If there’s one common thread to the huge number of different technological changes roiling commercial real estate, it’s standardization. Standardization looks for ways to treat different things in the same way, and build efficiencies as a result. Standardization is behind all the software tools we use and increasingly depend upon – the web, your desktop, your phone, all need to run the application you need. The listings data you depend upon has to meet certain standardized criteria or it won’t publish. In finance, standardization of debt instruments gives us CMBS and other tools to increase credit and liquidity (sometimes too much!)
Standardization is also the enabler behind prefab (aka modular) construction. Long a fixture in single-family residential, the practice of assembling major building components off-site has not been as historically popular in commercial construction projects, accounting for only 1% of US building market, generally limited to schools, hospitals, dormitories and some retail stores. But that is changing as technology continues its inexorable march and commercial property developers look to squeeze every dime until it hollers.
The trade group Modular Building Institute says the market in modular construction for commercial buldings is set to increase over the next five years. I took a look at hotels and data centers and found trends that support this idea.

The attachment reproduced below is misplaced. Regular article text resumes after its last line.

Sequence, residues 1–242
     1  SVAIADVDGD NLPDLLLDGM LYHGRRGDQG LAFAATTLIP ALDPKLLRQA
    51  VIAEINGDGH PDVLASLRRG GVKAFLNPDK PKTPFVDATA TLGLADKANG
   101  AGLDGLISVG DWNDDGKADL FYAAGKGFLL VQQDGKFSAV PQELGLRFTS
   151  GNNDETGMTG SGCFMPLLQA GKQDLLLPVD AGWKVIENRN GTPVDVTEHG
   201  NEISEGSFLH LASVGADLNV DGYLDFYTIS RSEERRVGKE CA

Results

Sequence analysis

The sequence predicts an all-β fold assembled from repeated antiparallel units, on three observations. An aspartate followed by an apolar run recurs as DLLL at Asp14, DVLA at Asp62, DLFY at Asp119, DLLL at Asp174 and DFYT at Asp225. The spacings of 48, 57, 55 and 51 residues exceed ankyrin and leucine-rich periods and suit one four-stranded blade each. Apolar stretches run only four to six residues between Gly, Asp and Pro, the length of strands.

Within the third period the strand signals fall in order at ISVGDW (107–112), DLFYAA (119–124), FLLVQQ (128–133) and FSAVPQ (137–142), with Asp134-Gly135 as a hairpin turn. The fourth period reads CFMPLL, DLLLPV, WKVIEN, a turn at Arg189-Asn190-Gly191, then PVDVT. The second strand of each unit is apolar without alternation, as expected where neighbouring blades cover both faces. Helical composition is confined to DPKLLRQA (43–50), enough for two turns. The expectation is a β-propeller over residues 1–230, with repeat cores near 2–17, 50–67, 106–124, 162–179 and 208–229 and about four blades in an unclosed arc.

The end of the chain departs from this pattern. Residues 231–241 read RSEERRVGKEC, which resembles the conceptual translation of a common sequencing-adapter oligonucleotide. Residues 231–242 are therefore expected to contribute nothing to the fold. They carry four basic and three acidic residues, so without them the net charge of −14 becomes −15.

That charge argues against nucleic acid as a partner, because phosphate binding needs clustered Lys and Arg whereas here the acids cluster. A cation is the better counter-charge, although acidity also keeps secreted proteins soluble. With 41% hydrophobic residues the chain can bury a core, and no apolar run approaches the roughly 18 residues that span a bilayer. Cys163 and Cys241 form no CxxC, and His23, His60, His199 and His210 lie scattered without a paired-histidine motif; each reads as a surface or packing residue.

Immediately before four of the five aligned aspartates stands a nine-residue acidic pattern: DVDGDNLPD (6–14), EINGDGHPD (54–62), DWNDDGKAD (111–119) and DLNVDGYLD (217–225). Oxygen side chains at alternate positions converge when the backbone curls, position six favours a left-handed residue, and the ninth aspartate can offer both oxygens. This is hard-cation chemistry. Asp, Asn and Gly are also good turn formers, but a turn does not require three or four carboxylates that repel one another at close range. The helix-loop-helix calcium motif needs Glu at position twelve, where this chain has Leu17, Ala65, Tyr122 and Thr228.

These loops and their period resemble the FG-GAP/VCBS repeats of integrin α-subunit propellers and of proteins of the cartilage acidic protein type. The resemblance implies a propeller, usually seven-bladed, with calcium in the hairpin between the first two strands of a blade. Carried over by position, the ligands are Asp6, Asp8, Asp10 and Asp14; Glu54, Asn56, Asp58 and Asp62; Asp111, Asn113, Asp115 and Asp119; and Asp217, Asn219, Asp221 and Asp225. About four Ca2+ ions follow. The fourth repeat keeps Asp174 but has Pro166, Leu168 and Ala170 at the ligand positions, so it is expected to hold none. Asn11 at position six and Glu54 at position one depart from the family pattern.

This neat animated video walk-through of a single hotel project utilizing modular construction techniques, details various measures of efficiency for construction schedules as the project gets built (mostly under a factory roof, down to the floor tile and wall treatments.)
Customization – the mortal enemy of standardization – is costly in the building of data centers. It is falling by the wayside in the provisioning of multi-tenant data centers (MTDC) that rely on standardization of space along with its critical cooling, access and power requirements. These packaging techniques for space afford tenants the ability to scale their square footage as their growth demands — as opposed to the maximum that the landlord would traditionally prefer to rent.
The prefabricated, modular data center promises to have a major impact on the economics and technology of this still-nascent commercial property industry. For all the same reasons that prefab is attractive elsewhere — efficiency, cost control, and the avbility to leverage real-world business metrics in space provisioning.
An excellent white paper detailing the impacts of prefab construction and provisioning is “Data Center 2.0: The Industrial Evolution”, provided by data center vendor IO. Download the full paper here.